Putting fire to a rare feast

This is my Sunday column for the May 26, 2013 edition of the Hibbing Daily Tribune. A version of this piece aired on the May 25 episode of “Between You and Me” on Northern Community Radio.

Putting fire to a rare feast
By Aaron J. Brown

When I was a small child I saw my Grandpa Brown remove a plate of raw ground beef from the refrigerator. He began to form the beef into hamburger patties for the grill, each time removing a pinch of meat from the patty and dropping it into his mouth like a grape. This moment changed my life.

Like most, I was told from a young age that we must cook our meat thoroughly to avoid getting sick. A vast amount of scientific research shows the same, reflected in scads of health code laws on the books in all industrialized nations. I’m not here to argue this. I am here to tell you that my grandfather is still alive and I like my hamburgers and steaks as rare as possible.

A long time ago, humans ate raw meat because fire wasn’t available. Technology advanced and humans learned that cooked meat is better. But just like toilets with control panels or refrigerators with Twitter, technology often overshoots the mark.

Brown the outside. Leave the inside looking and tasting like actual meat.

My mother and father had this argument when I was young: my dad, like my grandpa, in the rare camp, my mom a “mediumist.” Thus my meals were generally cooked a little more medium than rare. Once, when I was in high school, I decided to camp out a night by myself, pedaling my bike up to the nearby state park with some clothes and the first steak I ever bought with my own money at the grocery store.

I didn’t bring enough firewood or tools, but I managed to raise a campfire and threw that steak on the fire grate. Was I a rare steak guy? Medium rare? Could I have really been a well done guy? I had no idea at the time. I had only a dinner fork and one steak knife. After my sad fire burned a while I pulled the steak off and threw it on a plate. I cut into it and it bled like the elevator on “The Shining.” One bite, and I knew that I was a rare meat guy for life, however shortened that life might become by my life choices.

I married into a medium well family. They’re great. But we have a lot of meat-based arguments. They think the inside should be a little pink when you take it off the grill. Then you should let it sizzle on the plate for a while until you chomp into meat-food as grey as a London afternoon. It tastes like taking a bite out of a forest fire, distinct and not altogether bad, but sometimes bland. This is the kind of meat that vegetarians can switch out for veggie burgers and say, “Ha! You didn’t even know you were eating tofu!”

We should never give them that pleasure.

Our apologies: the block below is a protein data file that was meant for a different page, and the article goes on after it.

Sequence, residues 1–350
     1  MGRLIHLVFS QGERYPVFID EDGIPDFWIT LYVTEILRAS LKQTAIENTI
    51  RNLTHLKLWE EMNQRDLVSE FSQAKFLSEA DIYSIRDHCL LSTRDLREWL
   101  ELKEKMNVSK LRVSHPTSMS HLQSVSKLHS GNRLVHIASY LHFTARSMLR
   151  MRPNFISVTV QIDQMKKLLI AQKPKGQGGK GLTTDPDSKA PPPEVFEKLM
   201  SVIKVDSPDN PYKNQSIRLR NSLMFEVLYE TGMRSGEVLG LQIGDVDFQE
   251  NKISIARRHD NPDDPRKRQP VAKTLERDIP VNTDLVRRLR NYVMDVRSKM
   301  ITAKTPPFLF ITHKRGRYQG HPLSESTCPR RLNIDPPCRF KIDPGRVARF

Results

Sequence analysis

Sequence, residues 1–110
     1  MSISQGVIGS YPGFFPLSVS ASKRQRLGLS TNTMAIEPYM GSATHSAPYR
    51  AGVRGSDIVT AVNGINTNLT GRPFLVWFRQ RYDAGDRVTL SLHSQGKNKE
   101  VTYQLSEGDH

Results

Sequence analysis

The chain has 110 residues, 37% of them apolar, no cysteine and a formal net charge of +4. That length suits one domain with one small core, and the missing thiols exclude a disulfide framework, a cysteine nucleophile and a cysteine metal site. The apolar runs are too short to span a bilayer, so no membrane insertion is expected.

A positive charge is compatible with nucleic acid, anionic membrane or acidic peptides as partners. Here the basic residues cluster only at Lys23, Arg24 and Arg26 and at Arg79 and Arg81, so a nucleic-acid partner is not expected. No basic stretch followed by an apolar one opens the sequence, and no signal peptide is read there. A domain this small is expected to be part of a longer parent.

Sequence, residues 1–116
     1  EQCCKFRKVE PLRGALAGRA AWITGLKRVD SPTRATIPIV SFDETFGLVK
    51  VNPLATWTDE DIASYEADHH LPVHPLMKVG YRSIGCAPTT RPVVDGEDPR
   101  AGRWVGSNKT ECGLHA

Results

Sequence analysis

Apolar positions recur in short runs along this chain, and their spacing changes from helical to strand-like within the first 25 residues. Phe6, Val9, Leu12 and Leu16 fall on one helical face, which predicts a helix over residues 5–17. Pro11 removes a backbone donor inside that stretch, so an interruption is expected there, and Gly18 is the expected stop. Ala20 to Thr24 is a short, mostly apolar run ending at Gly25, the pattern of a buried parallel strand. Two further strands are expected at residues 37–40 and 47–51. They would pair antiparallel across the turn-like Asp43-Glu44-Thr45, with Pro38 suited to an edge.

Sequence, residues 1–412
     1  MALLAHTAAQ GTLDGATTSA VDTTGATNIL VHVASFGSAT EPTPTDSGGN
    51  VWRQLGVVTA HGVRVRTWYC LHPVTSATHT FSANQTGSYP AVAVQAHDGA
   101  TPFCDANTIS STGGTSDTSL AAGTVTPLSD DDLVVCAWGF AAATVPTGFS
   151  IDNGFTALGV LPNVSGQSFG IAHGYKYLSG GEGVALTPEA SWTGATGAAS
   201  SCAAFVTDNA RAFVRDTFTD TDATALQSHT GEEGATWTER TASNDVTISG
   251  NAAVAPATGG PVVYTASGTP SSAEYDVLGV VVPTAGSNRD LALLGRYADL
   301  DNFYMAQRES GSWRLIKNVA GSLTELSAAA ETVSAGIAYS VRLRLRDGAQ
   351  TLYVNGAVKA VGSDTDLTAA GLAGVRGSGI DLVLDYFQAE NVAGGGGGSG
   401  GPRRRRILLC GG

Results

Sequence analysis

Come to think of it, meat preparation is one of the biggest areas of contention between my father-and-law and I. When he does the grilling at his house I anxiously hover nearby with a fork, looking for a way to remove the meat before it’s overdone. Meanwhile, when I grill, I have a team of U.N. observers watching me, ensuring that every drop of grease is burned out of the meat designated for consumption by people other than myself.

Time goes by and we learn to deal with our differences. I stop talking about how rare meat tastes better and they stop talking about how sick I’m going to get someday, a day that has not yet come and that I believe is fictional, but whatever. We let all that go.

Another grill season begins this weekend. May you cook it how you like it. Don’t let anyone tell you different.

Aaron J. Brown is an author and community college instructor from the Iron Range. He writes the blog MinnesotaBrown.com and hosts the Great Northern Radio Show on Northern Community Radio and other public stations.


  1. Growing up, I had a cousin who always had to have his steak extra well done. It was almost a moral imperative for him. When a waitress would ask him how he wanted his steak, he would get a really crabby look on his face and say, with grim finality, “Done.” As if everybody should know what he meant by that. I told him to just order it well done, to avoid confusion, but he seemed to think that buying into a foo-foo distinction like that would make him some kind of wussy.

    I don’t think he approved of me ordering my steak medium rare, but I was more liberal than him, so he probably expected it.

  2. I’m slow in commenting on this because my phone, where I was reading the post, would tease me with the comment box, but then it would disappear. I grew up in eastern Wisconsin and remember raw ground beef being served at wedding parties. I really don’t know if it was seasoned or what was done to make is safe. Maybe it was an ethnic thing. It was a German area. Since my father was a city restaurant and grocery store inspector, I heard all to many stories about dirty back rooms and kitchens in food facilities. Therefore, I’ve heeded any warnings about the possible contamination of meat grinders. However, I wouldn’t have the same qualms about a steak being somewhat rare. One time my husband and I were traveling across northern Wis to go visit the relatives at Christmas time. We stopped for lunch in the only restaurant open in winter in that town. The table was filthy, thick with dirt and grease. EEwww. But we needed to eat (two year old with us) and no grocery store open to just go buy crackers, or something. What to order in that filthy place? Hamburgers medium well done. I guess the germs were fried.

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